Financial Review Rich Lister Larry Kestelman says bricks-and-mortar retailing “is not dead” after leasing up almost all 6000sq m of retail space at the foot of Capitol Grand, his glitzy $700 million high-rise development nearing completion on the corner of Chapel Street and Toorak Road in Melbourne’s South Yarra.
While retail trade slumped to its worst year on record in 2019, according to official data released on Thursday, Mr Kestelman has secured a bevy of upmarket tenants for Capitol Grand including Dior Cosmetics & Accessories, London fitness chain 1Rebel, and renowned gallery operator and artist David Bromley.
Rents have been struck at between $1000 and $2500 a square metre – well above the $500 a square metre advertised for the dozens of vacant shops on the struggling Chapel Street retail strip.
In total 21 of the 23 shops in the retail arcade have been leased and will open in June, joining an already strongly trading David Jones Food Hall and popular bistro and bar Omnia, owned by Mr Kestelman.
Having long abandoned plans to fill the vast retail space with high-end fashion labels like Gucci and Luis Vuitton, Mr Kestelman’s LK Property Group turned its focus to upmarket food and beverage offerings as well as “unique” retail experiences that could not be easily replicated online.
The idea, he said, was to create a retail offering that appealed to the wealthy residents moving into Capitol Grand and the young professionals residing in nearby apartments – a demographic for which Mr Kestelman has coined the term “the selfish bunch” given their high disposable incomes and penchant for spending lavishly on themselves.
“[Physical] Retail is not dead. New versions of retail, which have a focus on delivering experiences and not just selling stuff, are doing well,” he told The Australian Financial Review.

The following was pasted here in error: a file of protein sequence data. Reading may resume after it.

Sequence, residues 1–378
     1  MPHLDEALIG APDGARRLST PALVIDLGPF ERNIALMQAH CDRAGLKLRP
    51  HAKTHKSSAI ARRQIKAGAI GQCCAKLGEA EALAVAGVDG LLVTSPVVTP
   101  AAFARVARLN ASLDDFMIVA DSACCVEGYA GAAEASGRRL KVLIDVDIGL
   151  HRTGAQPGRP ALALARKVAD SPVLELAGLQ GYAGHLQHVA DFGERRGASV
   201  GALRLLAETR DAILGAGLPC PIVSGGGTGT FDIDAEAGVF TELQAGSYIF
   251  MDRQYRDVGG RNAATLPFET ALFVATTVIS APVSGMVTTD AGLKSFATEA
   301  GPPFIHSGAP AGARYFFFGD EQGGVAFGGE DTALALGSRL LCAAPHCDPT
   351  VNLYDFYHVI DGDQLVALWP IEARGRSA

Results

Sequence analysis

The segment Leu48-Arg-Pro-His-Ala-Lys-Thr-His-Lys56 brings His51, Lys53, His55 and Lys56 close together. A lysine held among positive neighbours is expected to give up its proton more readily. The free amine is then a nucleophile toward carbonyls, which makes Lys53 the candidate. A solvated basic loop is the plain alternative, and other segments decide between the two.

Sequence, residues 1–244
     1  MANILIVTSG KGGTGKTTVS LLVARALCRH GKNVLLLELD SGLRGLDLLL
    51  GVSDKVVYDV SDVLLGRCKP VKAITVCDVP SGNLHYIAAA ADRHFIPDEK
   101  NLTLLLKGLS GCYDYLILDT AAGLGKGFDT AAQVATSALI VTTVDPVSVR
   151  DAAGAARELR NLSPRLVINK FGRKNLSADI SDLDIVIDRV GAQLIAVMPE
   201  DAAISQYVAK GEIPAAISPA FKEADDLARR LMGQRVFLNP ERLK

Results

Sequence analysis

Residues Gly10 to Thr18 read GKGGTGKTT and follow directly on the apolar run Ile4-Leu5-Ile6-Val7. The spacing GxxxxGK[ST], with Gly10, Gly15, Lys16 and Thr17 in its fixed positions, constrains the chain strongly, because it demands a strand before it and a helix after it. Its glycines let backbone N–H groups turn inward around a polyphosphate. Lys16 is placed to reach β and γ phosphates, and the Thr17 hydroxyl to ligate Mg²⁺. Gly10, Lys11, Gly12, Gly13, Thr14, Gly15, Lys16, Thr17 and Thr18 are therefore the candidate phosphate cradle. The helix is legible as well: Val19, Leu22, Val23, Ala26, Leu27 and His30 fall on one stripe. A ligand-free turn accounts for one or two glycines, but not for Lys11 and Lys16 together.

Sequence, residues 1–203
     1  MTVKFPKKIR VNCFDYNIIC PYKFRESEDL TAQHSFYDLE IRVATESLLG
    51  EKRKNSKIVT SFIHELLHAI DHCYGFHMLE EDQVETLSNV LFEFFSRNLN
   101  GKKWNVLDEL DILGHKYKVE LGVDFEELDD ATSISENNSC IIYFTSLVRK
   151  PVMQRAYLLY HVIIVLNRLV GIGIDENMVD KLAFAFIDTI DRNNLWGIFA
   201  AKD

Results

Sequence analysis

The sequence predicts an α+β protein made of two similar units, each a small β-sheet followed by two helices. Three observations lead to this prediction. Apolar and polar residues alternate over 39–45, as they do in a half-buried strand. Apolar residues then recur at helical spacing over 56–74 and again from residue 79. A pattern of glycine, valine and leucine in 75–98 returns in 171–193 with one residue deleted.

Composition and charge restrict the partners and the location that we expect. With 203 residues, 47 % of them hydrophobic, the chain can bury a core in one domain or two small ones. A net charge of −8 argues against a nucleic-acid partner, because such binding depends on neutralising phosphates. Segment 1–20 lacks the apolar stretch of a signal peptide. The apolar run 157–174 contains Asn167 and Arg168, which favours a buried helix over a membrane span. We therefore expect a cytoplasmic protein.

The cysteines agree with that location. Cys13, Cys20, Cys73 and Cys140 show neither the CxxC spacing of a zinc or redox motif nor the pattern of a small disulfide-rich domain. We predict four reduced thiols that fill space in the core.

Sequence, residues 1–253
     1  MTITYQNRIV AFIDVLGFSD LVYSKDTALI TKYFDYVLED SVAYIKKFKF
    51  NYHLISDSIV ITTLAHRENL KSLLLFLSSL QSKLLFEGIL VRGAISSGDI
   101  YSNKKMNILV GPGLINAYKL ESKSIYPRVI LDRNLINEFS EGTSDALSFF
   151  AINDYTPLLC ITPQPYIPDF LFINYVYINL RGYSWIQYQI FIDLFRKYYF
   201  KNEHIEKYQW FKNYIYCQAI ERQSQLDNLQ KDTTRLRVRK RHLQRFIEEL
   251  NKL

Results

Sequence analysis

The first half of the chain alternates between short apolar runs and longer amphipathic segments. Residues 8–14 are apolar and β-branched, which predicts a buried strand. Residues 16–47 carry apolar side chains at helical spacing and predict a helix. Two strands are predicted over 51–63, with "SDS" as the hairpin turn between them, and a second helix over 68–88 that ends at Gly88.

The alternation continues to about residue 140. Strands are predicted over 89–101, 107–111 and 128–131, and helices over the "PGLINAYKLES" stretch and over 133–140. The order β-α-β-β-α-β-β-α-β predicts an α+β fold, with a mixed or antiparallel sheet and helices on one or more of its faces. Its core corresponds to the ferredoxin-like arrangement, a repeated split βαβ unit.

“Everything we are doing at Capitol Grand is so unique.”
As an example, he pointed to London-based 1Rebel, which has leased around 900 square metres in Capitol Grand for its first Australian fitness studio.
1Rebel – which will trade as 1R in Australia – offers fitness classes in venues styled like futuristic film sets complete with DJs and cold-press juice bars
“This is not anything like a gym I used to go to. Think Virgin Active, but on steroids,” Mr Kestelman said.
1Rebel’s Australian CEO Amanda Maclean said its Capitol Grand venue would be the chain’s largest club to date.
“From the moment you walk into the club, you will become immersed in an experience. Australians will soon discover an entirely new, intense and incredibly addictive way of working out,” she said.
Added to the retail mix will be Dry & Tea, a combination hair stylist and tea house, luxury eyewear retailer One Point Seven Four, an HSBC Private bank branch and a real estate agency.
“We’re also going to open a private members club, like the Australian or Athenaeum Club, but modernised,” Mr Kestelman said. “There will also be an Asian fusion restaurant and bar, a degustation restaurant and an events space in partnership with the art gallery.”
The leasing success at Capitol Grand is a sharp contrast to neighbouring Chapel Street, whose high vacancy rate has highlighted the death of fashion retailers on suburban strips.
Mr Kestelman has been a harsh critic of the once bustling retail strip, calling its shopfronts “old, narrow, dark and no longer fit for purpose” at an industry event last year.
He doubled down on his criticism saying those retailers that had failed on Chapel Street ran “quite simplistic businesses selling clothing from China”, but said the strip would eventually rejuvenate itself.
With the retail space almost leased up and 85 per cent of the 380 apartments sold, Mr Kestelman is on the cusp of completing a project many said was too expensive and destined to fail when it launched five years ago.
Mr Kestelman said two-thirds of the apartments, funded by Goldman Sachs and built by Multiplex, had settled, with those on the higher floors of the 50-storey tower selling at between $25,000 and $37,000 per square metre.
“A few sales fell over last year – mostly overseas buyers who could not get their funds out or investors who could not arrange financing – but we have resold those,” he said.
Marketing of the final top-floor residences and penthouses will kick off soon.
“It’s been an interesting journey from when we first launched with Charlize Theron at the Australian Grand Prix in 2015,” Mr Kestelman said. “I am very pleased with the outcome.”
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